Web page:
A word that gets tossed around way too much in critical circles is the word “essential.” If you say something is essential, you mean people have to have it. It is necessary. Vitally necessary. Which is why smart critics don’t do it very often. There are very few cultural things that are essential. If you own any sort of video game playing apparatus, Half Life 2 and Psychonauts are essential. You should be playing them right now (0r as soon as you finish reading this incredibly non-essential blog). If you like theatre, Shakespeare is essential (as is Tony Kushner). If you like breathing, oxygen is essential. If you like Sarah Palin, a lobotomy is essential.
And if you like music, you have no business not owning The Soft Bulletin by the Flaming Lips. Yeah, Yoshimi is great, At War with the Mystics is good, but The Soft Bulletin is fucking essential. It is your duty as a cool person to own this album and to give it your full attention (I can only assume that you are a cool person if you read Bollocks!, assuming also that you aren’t just here to assault people with grammatically embarrassing comments).
Flaming Lips albums run the gamut from good to great, with occasional (okay, frequent) stops at weird, but The Soft Bulletin manages to raise the bar all the way up to “Holy fuck, I’ve never heard anything at all like that.” It’s part pop album and part sci-fi movie; occasionally, it’s space gospel (“The Gash”) and sometimes it’s Bizarro-World FM Radio (“Buggin”, which is also what the Beach Boys should’ve tried to sound like). But it’s always, from “Race for the Prize” (the first one) to “Waitin’ for a Superman” (the second one), absolutely drenched in beauty. In fact, “Beautiful,” is the word that most often comes to my mind to describe The Soft Bulletin, and it doesn’t come anywhere close to describing what the album really is. The Germans, who have better descriptive words than we do, might have a word that means, “transcendentally, inexpressibly awesome experience.” German-speakers, get cracking, and let me know what you find.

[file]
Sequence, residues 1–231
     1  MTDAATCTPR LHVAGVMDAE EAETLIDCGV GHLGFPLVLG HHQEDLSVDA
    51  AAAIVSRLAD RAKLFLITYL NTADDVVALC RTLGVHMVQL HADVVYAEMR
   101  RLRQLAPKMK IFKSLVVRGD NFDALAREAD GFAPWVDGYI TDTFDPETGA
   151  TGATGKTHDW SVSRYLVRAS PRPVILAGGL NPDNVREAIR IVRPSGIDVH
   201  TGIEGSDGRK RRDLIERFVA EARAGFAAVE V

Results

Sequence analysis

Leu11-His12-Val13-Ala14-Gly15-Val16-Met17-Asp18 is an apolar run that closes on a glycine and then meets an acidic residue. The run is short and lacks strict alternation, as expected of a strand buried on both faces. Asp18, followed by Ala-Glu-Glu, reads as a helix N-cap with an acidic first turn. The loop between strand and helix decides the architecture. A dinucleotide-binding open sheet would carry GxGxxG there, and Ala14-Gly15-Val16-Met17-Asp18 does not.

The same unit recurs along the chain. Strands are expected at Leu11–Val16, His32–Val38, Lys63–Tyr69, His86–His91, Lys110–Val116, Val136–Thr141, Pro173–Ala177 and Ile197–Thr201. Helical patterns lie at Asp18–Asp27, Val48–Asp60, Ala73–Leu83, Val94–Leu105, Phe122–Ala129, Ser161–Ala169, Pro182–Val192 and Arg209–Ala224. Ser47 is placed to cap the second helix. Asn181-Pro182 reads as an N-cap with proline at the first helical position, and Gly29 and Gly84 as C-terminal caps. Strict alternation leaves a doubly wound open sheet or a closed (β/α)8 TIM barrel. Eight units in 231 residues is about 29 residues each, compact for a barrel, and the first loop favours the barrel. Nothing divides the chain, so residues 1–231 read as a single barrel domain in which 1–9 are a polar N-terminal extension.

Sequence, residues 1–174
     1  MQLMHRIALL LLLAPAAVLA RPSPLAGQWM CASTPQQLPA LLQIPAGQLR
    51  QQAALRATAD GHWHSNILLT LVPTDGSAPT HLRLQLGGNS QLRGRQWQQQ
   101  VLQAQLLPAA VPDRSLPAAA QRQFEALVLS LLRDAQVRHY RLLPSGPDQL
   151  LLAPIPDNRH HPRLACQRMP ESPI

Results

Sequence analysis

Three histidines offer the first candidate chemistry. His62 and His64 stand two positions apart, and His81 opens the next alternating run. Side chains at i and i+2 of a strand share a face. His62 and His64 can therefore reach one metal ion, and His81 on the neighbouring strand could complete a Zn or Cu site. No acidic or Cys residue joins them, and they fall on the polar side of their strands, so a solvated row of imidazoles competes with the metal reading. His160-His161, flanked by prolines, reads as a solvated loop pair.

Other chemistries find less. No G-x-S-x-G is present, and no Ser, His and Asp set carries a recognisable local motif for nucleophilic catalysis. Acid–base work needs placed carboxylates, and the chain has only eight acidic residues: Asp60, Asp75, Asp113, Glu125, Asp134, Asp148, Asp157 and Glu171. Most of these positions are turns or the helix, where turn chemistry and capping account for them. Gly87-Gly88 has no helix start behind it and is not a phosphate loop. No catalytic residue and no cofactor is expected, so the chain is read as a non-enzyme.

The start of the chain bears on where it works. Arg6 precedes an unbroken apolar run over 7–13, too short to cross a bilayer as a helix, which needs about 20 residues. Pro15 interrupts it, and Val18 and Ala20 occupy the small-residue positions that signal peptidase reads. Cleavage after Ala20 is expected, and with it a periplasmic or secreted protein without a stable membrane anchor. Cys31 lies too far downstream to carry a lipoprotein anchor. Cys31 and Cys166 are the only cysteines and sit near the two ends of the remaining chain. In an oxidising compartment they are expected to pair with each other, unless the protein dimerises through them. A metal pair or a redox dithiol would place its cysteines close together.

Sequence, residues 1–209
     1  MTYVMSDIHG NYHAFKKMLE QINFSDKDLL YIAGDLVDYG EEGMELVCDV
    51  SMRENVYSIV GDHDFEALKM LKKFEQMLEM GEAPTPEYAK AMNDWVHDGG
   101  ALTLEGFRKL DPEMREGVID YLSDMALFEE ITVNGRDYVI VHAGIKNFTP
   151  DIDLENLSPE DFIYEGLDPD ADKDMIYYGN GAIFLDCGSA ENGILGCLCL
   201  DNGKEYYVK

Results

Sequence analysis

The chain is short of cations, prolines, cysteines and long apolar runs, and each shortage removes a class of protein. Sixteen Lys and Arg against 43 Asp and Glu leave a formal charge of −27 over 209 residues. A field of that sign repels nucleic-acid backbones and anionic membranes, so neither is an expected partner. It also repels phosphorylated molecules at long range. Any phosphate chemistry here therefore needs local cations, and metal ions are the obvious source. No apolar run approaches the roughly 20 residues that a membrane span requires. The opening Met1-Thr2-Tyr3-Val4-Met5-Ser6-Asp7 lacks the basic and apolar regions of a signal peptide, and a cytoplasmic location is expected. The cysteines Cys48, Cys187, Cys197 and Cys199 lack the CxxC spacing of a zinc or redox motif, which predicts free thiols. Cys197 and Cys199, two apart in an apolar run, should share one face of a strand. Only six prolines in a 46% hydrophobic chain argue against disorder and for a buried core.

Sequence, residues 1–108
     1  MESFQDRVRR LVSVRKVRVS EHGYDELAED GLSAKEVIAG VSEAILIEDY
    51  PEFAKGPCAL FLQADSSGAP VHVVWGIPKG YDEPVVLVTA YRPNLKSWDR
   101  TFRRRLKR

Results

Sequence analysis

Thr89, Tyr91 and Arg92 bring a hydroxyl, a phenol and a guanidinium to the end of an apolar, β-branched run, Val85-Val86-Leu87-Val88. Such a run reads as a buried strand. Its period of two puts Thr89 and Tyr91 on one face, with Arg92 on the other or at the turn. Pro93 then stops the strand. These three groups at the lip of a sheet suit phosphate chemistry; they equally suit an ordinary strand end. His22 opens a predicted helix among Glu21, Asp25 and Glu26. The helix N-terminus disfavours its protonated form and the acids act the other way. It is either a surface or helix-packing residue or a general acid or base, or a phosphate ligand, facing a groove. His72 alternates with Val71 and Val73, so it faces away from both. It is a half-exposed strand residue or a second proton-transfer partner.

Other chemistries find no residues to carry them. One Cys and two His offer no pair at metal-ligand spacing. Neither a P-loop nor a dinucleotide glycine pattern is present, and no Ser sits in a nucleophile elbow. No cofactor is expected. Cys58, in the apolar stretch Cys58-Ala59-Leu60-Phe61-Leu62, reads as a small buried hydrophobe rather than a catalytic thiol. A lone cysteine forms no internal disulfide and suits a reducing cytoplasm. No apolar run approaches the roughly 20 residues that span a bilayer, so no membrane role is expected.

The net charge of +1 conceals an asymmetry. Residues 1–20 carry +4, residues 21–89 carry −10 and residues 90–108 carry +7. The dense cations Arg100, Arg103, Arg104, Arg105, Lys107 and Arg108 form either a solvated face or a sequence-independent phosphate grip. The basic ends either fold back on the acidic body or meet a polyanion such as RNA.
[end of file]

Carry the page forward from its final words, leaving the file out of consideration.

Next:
When I set out to compile (ever so slowly, dear reader[s?]) a list of the best albums released in my lifetime, I knew the Flaming Lips would have an entry or two. The list is always evolving because I’m constantly listening and re-listening to music (and because I’m a moody bitch about music). I think The Soft Bulletin started out somewhere in the 20s on the preliminary list. When I put an album on the list (before I write about it), I “test” it by listening to it several times to see if it really is one of the 29 best albums released in my lifetime. I have to be 100% assured of an album’s place in my life before I tell you about it. That way, I don’t feel like I’m blowing smoke up your ass when I tell you something like, “The Soft Bulletin is fucking essential.” Now, here the album stands, the third best album released in my lifetime, ranking right up there near London Calling and whatever #2 turns out to be (is the suspense killing you? Yeah, probably not). My list is nothing if not a meritocracy and The Soft Bulletin has earned its spot.